Policy Levers to change mindsets
“We need to embed entrepreneurship education in the DNA of every nation’s education provision.”
Jeremy Lefroy, Intl. Youth Job Creation Summit, September 2013
There are several policy levers governments can use to change mindsets. The first, obviously, is to recalibrate national education provision to embed entrepreneurship training at every level of a child’s school experience. Meanwhile, schools can form strong links with local businesses, inviting successful entrepreneurs into classrooms to share their experiences. Career guidance, project-based learning and encounters with the world of work should be part of every child’s experience growing up. And every child who shows a scintilla of interest in setting up a business should have access to ‘ideation’ sessions (brainstorming business ideas) leading to courses in how to write viable business plans. Changing youth mindsets also involves life skills – networking, resilience, persistence, considered risk taking. Though Policymakers can start the process, this should happen socially in jobs clubs and out-of-school events.
Recalibrate national education provision to include entrepreneurship:
Everyone considers basic skills such literacy, numeracy and critical thinking vital for every child. Entrepreneurship education is equally vital and can motivate pupils to learn these basic skills. You must be literate and numerate in order to write a business plan and prepare a budget, after all. With most primary schools in sub-Saharan Africa delivering low literacy rates among graduates (less than one in five in some schools), the challenge of motivating students to read and write can be helped by the incentive of using those skills to earn money. In West Africa, where many of the young rural women who arrived for Peace Child International’s (PCI) business plan creation training were uneducated, the temptation of a PCI loan to start or grow a business was enough to get many registered for remedial literacy and numeracy lessons provided by PCI’s Be the Change Academies.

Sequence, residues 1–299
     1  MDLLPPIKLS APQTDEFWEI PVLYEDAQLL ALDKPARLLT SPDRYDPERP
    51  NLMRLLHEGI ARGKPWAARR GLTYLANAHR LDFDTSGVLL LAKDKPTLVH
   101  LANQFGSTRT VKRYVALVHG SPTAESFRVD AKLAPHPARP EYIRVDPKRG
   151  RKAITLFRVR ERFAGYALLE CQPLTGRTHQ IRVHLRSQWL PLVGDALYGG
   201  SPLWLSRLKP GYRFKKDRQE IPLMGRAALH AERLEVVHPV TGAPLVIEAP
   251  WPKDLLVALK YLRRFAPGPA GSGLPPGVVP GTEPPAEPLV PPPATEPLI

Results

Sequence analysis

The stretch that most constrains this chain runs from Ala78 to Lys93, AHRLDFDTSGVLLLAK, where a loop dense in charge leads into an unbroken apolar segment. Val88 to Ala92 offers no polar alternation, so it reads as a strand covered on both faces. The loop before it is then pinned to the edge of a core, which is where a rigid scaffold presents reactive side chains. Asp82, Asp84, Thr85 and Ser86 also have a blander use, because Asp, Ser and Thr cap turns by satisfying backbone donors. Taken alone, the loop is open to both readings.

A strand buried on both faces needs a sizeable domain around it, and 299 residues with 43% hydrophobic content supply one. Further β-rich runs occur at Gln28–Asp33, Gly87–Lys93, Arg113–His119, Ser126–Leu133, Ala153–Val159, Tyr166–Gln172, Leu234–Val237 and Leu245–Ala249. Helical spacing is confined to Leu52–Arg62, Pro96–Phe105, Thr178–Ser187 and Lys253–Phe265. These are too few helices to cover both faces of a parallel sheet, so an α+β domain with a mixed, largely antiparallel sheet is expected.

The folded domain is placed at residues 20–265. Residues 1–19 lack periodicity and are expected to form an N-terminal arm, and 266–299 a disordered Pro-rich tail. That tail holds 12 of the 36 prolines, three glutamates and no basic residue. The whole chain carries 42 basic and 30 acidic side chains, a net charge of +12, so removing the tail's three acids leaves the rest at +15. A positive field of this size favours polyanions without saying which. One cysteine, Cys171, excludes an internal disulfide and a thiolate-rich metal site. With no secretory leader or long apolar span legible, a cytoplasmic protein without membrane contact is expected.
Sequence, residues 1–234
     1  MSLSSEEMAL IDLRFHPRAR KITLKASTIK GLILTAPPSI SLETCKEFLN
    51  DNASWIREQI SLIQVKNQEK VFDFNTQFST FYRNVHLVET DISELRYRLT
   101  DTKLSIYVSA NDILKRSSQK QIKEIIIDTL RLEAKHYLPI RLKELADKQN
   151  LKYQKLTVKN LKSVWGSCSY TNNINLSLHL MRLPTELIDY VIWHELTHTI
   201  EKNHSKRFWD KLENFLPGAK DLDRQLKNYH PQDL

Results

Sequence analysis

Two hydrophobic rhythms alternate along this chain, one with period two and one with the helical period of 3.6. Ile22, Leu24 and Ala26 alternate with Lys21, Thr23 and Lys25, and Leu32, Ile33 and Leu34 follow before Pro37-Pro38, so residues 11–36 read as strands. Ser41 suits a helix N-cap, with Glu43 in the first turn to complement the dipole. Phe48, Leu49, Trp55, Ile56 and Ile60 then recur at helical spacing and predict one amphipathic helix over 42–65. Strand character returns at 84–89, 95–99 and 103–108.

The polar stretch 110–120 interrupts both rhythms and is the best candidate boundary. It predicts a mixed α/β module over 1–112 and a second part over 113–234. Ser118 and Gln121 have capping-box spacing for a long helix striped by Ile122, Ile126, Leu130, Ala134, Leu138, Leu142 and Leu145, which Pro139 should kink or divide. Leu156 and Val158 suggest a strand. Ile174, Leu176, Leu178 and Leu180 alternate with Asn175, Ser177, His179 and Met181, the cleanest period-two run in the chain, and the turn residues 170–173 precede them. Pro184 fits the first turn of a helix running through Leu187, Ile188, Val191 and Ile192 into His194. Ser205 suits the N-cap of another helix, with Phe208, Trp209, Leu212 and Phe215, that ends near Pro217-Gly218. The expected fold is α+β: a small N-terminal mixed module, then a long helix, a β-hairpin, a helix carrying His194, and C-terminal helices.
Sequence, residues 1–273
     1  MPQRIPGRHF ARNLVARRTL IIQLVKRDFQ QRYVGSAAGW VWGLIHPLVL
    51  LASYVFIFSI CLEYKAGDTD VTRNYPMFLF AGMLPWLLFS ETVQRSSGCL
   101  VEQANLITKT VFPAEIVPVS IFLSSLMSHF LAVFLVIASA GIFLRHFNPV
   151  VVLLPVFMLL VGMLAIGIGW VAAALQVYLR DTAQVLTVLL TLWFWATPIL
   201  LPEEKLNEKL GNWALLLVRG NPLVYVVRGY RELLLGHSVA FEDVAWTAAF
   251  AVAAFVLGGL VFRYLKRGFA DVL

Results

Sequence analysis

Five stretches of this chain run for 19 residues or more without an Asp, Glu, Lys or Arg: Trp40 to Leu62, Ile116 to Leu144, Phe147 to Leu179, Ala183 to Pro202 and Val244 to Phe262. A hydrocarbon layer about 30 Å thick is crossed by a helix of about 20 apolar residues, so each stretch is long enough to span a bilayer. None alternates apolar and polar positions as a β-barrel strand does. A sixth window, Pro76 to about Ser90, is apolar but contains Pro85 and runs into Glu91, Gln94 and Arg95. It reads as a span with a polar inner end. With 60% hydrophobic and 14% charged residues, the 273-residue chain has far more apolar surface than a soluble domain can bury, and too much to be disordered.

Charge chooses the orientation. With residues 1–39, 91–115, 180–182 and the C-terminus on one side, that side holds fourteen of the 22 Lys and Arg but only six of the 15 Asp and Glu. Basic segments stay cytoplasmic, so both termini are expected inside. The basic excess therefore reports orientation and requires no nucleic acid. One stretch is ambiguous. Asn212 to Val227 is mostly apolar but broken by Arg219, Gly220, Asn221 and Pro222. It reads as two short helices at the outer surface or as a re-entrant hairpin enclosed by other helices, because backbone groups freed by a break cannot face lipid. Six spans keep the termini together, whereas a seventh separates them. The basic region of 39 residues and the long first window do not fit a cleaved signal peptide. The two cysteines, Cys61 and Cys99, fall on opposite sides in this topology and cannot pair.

Many primary school teachers find 5- and 6-year-olds have well-tuned entrepreneurial instincts. Project-based learning and entry-level ‘ideation’, along with simple exercises and games about sales and marketing, can sow the seeds of entrepreneurial talent. These seeds can then be nurtured throughout students’ school careers, climaxing in a fully researched, costed and viable business start-up plan completed before the student leaves school. The challenge of finding enough qualified teachers to teach this, and classes small enough to ensure effective learning can be mitigated by the widespread introduction of pyramid peer-teaching mechanisms.
Paying for it – some policy ideas:
The best initiatives in the world are of no use to LEDC governments unless ways can be found to fund them – adequately and sustainably. Foundation and donor initiatives last only as long as the grants that support them, and entrepreneurship education is a long-term provision, not a short-term project. We offer the following policy ideas:
- Retrain teachers in every school to deliver effective entrepreneurship teaching and career guidance as part of their teaching, and include both in national curricula.
- Use peer-to-peer entrepreneurship teaching models.
- Create a club of successful businesspeople, active and retired, to regularly volunteer in schools, teaching classes on how to be a successful entrepreneur.
- Adopt the Teach a Man to Fish (TAMTF) ‘Financially Sustainable School’ model to introduce experiential entrepreneurship teaching, devising a business plan that covers its costs (see more in next .
- Do all of the above under the PCI, Hand in Hand or Plan International model of extra-curricular Job Clubs or Youth Entrepreneurship training – open to all students and community members;